Figure 3 presents the bridge centrality indexes of the network. For community PSU, node 15 had the highest bridge centrality (bridge strength (rank)=13, bridge betweenness (rank)=2, bridge closeness (rank)=9) when compared to other nodes of this community. For community person variables, among nodes 17–20, node 18 exhibited the highest bridge centrality (bridge strength(rank)=5, bridge betweenness (rank)=4, bridge closeness (rank)=3); however, although nodes 20 (rank=3) and 17 (rank = 1) had a very high bridge strength, their other indexes were very low. For the community school microsystem, nodes 23 (bridge strength (rank)=7, bridge betweenness (rank)=1, bridge closeness (rank)=1), 24 (bridge strength (rank)=6, bridge betweenness (rank)=8, bridge closeness (rank)=2), and 25 (bridge strength (rank)=4, bridge betweenness (rank)=3, bridge closeness (rank)=6) all showed considerably high bridge centrality in the whole network. For the community family microsystem, compared to other nodes in this community, node 37 had the highest bridge centrality (bridge strength (rank)=2, bridge betweenness (rank)=7, bridge closeness (rank)=4). Bridge centrality highlighted the importance of node 15 (loss of control-I15), node 18 (fear of missing out), nodes 23–25 (peer attitude towards smartphone use, peer pressure on smartphone use, friendship quality), and node 37 (parent-child relationship), which exerted great impacts on the interactions between different microsystems.

Fig. 3.
Fig. 3.

Bridge centrality indexes of juveniles’ PSU and related factors

Note. The bridge centralities were ranked in order, and the Z-score (not raw score) was used in Fig. 3.

Citation: Journal of Behavioral Addictions 10, 3; 10.1556/2006.2021.00048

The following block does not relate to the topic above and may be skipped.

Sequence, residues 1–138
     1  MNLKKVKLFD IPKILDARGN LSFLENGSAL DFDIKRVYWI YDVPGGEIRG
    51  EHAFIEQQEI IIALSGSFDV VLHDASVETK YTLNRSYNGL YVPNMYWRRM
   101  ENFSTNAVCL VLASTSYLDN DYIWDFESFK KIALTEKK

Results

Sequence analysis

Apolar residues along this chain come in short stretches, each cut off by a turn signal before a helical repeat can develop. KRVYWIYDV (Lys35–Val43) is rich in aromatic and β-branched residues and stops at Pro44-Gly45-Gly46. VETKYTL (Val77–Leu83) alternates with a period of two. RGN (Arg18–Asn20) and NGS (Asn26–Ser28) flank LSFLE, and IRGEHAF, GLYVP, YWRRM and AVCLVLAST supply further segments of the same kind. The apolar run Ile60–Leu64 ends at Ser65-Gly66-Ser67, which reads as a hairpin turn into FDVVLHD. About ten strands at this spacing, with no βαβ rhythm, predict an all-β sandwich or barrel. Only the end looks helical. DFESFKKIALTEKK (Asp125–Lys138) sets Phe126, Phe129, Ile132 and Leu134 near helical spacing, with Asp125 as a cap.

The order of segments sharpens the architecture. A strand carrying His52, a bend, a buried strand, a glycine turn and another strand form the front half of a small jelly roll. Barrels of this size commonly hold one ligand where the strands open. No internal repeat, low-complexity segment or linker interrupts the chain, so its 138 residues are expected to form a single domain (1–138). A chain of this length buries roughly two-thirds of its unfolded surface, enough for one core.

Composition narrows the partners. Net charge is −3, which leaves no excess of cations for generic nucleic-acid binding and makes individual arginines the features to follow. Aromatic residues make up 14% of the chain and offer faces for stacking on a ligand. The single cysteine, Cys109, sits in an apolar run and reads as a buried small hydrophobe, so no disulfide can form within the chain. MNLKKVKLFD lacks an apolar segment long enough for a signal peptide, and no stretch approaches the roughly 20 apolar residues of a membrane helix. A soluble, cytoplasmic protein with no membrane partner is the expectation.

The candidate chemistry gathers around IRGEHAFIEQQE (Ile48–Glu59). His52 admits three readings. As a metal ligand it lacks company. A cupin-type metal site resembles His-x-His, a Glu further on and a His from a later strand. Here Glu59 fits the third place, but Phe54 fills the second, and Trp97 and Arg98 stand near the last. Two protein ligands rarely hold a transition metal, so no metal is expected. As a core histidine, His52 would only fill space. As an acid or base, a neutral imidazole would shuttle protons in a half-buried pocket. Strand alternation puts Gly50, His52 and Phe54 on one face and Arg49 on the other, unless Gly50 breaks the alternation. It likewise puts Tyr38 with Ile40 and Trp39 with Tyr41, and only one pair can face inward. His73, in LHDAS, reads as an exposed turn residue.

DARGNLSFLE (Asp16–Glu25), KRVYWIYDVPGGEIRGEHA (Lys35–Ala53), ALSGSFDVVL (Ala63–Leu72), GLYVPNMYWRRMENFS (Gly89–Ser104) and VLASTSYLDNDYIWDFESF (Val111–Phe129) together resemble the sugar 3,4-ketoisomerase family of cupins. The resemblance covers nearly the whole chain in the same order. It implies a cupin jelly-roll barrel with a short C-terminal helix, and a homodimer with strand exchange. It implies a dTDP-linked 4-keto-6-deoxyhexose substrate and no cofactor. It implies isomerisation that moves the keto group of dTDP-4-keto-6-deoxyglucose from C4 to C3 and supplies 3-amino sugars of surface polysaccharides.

Discussion

Core symptoms of PSU and related core factors of the PSU network

This study found that the core factors in the network were peer attitudes towards smartphone use, self-control ability, and the parent-child relationship. In addition, loss of control is was a core symptom (factor) in this network. Many studies have revealed that low self-control exerts both a direct and an indirect role in causing PSU (Cho et al., 2017; Han, Geng, Jou, Gao, & Yang, 2017; Kim et al., 2016; Lee & Cho, 2015; Sok, Seong, & Ryu, 2019; Xiang et al., 2020; Zhang, Tan, & Lei, 2020), so researchers believe it is an extremely important element of PSU. In addition, self-control both connects individual variables (e.g., loneliness) and is directly or indirectly connected with nonindividual variables, such as those from family environments (Liu, Chui, & Chung, 2020) and school environments (Humphrey, 1984). For the core role of peer attitudes towards smartphone use and parent-child relationships, researchers believe that in the process of socialization for children and adolescents, they are more likely to be affected by attitudes or suggestions from peers, not parents, for their development of autonomy and dependence (Zimmer-Gembeck & Collins, 2003). However, in this process, children’s or adolescents’ closeness with their parents is still maintained (Kruse & Walper, 2008; Manago, Brown, Lawley, & Anderson, 2020). This result may indicate that peer attitudes towards smartphone use and the parent-child relationship are both prominent in this network. For loss of control, our results extended research by Huang et al., (2020) that loss of control was still a core symptom of PSU, even when PSU was placed into a network full of other influencing factors. Therefore, we believe that the three factors and the core symptoms are the central variables connecting the whole network.